Something tells me that I know who caused that.
I had found Alan an appropriately silly present which had nothing to do with computers. Hah.
Christmas dinner at Justin's, who does not believe guests should be allowed to leave the table able to move, and vegetated in front of his television watching DVDs.
Attacked evil quiz again in the evening. Someone finally got a line on section 13, although it's so incredibly obscure I can't believe it. Nat is being mailbombed by suggestions now, and since we have given up and decided that Google is not really cheating provided we learn something in the process and mark the ones we used the web for, we are finding more and more strange things out.
In the afternoon, got stuck into the nightmare annual quiz from King William's College which was reprinted in the Guardian newspaper. Normally I can get about ten of these before giving up in despair, and then I lose the questions before the answers are printed. Recruited help on IRC and spent hours on it - argh! Answers so far are up on the web courtesy of Nat: we have so far not resorted to Google and confined ourselves to books in our respective houses. We also discovered how little a technical channel can know about Nobel prizes; got into a grand wrangle about the dating of Sherlock Holmes books; discovered many euphonious but unhelpful translations (I love channels with many non-English speakers); squabbled about whether Google was cheating (for now, we think it is); learned much about Poe that didn't help with the answer about Amontillado; and generally forgot the travails of the world in our efforts to reach half-marks (which we are still working on).
With all that, I feel a little better for being completely stuck on the monster crossword of the other day.
I don't see why he wants to, but he can.
Very cold in the evening. Discovered the next day Swansea was the coldest place in Wales overnight at -8 degrees Celsius. All right, Canadians and Scandinavians, you can stop laughing at the idea of that as very cold now..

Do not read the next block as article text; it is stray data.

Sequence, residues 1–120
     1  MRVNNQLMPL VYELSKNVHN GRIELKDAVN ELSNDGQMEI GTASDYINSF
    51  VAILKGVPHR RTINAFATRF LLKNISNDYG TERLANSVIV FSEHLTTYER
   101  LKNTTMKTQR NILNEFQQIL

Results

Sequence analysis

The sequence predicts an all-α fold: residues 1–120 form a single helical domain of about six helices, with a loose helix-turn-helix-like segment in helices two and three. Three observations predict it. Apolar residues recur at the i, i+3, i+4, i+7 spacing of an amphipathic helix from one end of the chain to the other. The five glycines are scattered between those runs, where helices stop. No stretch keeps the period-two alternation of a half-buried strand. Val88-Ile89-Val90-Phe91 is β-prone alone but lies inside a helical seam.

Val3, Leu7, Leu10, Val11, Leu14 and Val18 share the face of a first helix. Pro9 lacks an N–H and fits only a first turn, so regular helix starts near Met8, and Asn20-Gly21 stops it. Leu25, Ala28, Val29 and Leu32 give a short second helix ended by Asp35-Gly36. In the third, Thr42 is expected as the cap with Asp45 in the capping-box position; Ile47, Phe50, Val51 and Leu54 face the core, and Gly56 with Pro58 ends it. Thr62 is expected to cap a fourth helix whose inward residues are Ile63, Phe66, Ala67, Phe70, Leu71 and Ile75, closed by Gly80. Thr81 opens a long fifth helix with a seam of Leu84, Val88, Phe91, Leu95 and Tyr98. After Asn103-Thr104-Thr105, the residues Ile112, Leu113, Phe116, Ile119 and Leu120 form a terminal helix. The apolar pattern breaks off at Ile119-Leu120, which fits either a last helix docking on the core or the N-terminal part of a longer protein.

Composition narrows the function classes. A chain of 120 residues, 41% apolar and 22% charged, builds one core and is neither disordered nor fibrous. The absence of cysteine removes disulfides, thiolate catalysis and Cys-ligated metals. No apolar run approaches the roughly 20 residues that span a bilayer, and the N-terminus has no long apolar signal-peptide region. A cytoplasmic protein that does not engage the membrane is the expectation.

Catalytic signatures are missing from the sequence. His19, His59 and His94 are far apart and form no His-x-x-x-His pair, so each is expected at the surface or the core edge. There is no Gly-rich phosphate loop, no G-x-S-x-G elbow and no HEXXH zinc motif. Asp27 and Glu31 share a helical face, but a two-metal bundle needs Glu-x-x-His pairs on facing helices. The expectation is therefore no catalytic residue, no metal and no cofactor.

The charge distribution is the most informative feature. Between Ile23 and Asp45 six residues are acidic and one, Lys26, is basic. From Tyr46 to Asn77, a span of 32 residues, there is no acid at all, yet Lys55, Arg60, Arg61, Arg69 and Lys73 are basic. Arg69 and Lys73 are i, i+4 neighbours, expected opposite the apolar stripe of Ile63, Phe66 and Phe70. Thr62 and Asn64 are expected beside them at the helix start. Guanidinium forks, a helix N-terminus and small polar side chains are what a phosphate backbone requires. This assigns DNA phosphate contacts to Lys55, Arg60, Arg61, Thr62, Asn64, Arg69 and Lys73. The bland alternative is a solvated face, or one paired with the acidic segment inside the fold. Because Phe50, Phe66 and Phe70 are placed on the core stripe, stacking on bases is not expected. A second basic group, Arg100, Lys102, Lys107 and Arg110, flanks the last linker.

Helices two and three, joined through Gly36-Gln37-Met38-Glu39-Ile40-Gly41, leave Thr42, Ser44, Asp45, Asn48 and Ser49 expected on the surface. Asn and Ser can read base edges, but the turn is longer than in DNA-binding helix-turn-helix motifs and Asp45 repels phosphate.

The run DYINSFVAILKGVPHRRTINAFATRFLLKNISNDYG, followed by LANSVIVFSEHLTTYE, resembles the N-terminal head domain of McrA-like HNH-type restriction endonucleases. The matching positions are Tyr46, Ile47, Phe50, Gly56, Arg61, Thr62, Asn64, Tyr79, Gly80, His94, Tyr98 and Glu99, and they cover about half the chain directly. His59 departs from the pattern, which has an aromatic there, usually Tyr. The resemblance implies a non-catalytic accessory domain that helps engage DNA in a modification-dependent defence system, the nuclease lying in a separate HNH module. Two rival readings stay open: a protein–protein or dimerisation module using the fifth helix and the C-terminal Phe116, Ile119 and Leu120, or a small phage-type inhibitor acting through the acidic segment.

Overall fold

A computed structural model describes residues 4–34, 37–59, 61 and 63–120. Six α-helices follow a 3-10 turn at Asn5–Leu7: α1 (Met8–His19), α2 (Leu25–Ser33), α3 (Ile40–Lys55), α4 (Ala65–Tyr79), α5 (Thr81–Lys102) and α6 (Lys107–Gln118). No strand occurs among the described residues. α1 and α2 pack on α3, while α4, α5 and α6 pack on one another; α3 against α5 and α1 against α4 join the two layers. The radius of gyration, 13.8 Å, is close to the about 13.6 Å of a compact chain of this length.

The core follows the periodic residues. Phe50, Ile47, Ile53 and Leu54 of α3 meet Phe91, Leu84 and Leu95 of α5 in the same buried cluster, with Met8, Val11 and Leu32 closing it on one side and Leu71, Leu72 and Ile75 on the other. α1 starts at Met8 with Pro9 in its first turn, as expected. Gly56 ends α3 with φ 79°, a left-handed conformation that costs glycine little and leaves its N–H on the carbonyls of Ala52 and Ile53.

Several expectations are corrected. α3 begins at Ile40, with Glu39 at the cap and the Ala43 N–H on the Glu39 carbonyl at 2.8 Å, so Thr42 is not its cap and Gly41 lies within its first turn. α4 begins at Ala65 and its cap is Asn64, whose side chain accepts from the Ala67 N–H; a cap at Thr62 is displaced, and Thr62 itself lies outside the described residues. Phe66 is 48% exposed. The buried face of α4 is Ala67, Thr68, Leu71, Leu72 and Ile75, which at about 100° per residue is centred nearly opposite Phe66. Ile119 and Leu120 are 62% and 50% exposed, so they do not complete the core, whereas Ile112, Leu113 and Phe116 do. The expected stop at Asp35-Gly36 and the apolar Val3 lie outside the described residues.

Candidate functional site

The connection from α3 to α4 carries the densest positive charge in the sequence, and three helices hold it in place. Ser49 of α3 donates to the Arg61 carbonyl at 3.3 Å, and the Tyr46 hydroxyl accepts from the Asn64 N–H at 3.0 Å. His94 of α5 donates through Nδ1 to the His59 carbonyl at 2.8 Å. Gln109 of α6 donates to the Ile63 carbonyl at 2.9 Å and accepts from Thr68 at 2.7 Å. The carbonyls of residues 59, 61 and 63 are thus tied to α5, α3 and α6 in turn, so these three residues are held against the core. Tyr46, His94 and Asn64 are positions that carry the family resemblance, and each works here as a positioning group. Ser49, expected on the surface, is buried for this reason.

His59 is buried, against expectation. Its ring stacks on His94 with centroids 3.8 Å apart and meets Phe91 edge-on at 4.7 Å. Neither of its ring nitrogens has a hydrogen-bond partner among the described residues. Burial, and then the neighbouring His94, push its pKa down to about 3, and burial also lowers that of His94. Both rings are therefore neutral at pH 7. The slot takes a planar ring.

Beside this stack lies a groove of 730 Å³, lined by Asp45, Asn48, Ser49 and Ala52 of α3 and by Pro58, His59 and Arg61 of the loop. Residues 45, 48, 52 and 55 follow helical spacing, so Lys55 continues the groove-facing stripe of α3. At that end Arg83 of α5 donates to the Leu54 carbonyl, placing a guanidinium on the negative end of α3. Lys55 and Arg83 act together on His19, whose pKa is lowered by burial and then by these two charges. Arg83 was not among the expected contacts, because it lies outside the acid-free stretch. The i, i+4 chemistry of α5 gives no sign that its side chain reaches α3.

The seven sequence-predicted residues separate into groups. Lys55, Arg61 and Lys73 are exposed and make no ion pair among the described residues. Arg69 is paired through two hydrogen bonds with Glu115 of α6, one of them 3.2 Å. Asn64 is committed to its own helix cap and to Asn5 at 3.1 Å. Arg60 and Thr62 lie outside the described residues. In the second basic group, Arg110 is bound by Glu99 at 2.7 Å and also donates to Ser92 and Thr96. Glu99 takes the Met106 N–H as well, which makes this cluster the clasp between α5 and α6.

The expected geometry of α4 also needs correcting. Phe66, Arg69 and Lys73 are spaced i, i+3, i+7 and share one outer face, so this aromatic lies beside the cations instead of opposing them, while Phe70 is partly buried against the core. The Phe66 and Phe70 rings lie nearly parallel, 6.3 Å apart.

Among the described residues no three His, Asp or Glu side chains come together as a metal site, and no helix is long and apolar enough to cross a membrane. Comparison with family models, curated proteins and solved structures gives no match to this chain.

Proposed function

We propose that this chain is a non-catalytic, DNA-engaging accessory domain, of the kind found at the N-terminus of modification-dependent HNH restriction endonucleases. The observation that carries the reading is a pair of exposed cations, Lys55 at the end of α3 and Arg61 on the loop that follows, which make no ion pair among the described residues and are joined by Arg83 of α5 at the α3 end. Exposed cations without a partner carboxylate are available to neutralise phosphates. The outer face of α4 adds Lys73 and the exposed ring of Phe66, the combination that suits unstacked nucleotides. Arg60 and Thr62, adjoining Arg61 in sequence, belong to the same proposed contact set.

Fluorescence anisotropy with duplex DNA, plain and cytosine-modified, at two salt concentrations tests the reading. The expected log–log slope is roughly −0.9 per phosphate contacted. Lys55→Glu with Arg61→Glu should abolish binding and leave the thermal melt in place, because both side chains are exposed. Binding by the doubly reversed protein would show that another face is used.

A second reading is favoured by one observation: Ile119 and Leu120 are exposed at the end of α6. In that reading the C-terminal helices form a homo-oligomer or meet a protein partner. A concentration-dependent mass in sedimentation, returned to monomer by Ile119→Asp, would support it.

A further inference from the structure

Alan plugged the television back in, since everything bar the tidying is over in that room. It had been off for five weeks and the Sky box was desperately confused.
Visitors in the evening. Now out of wine. Before Christmas!
on its way to you now.
Naturally people have tried to deliver stuff whilst we weren't here. Oh well.
Did you pack this yourself, sir?questioners at airports would be happy to hear
No, they're presents, we can't open them yet!as a reply. Apparently we have a pair of fighting dinosaurs. Alan has been cheating and read the instructions in order to train his before I can. Alas, couldn't fit other presents into suitcases, but we must present a strange image to friends, since someone else also gave us things to fight each other with.
Was finally catching up when the electricity started glitching: not enough to trip the fuses, but entirely enough to knock out the machines not on the UPSes or which draw a lot of power. Discovered the machine which gets my mail not on the UPS. Alan fixed that. Alan discovered he had installed the wrong kernel on his kernel-build machine when it failed to reboot. He thinks he typed in the wrong window. He is now fixing that...
In between, long pre-Christmas
I need so-and-so's address
phone calls from friends sorting out their Christmas card lists
and catching up with lots of news.
It's now approaching 11pm and we have not yet even thought about tea. Fortunately, I see wine and olives and cheese to hand. Supper time. I'm tempted to skip the olives and cheese, too :)
I thought Alan was on holiday. Things are instead madly busy around here.
Google put all its new old news
(um) up. I haven't bothered with deja since deja was practically
impossible to use in Lynx, and too gaudy to use in a graphical
browser, but this is usable. Found Alan bestowing his views on
alt.mud, comp.sys.sinclair and goodness knows what, and an amazingly
accurate prediction of something, which post I have now promptly
lost. Wondered how many people submitted the
Green card lottery
last chance post to Google's list of great net moments. Found
my first venture onto Usenet (
hope this works, first time I've
tried to post to anything beyond local.test). Remembered
believing at the time that no-one would be mad enough to archive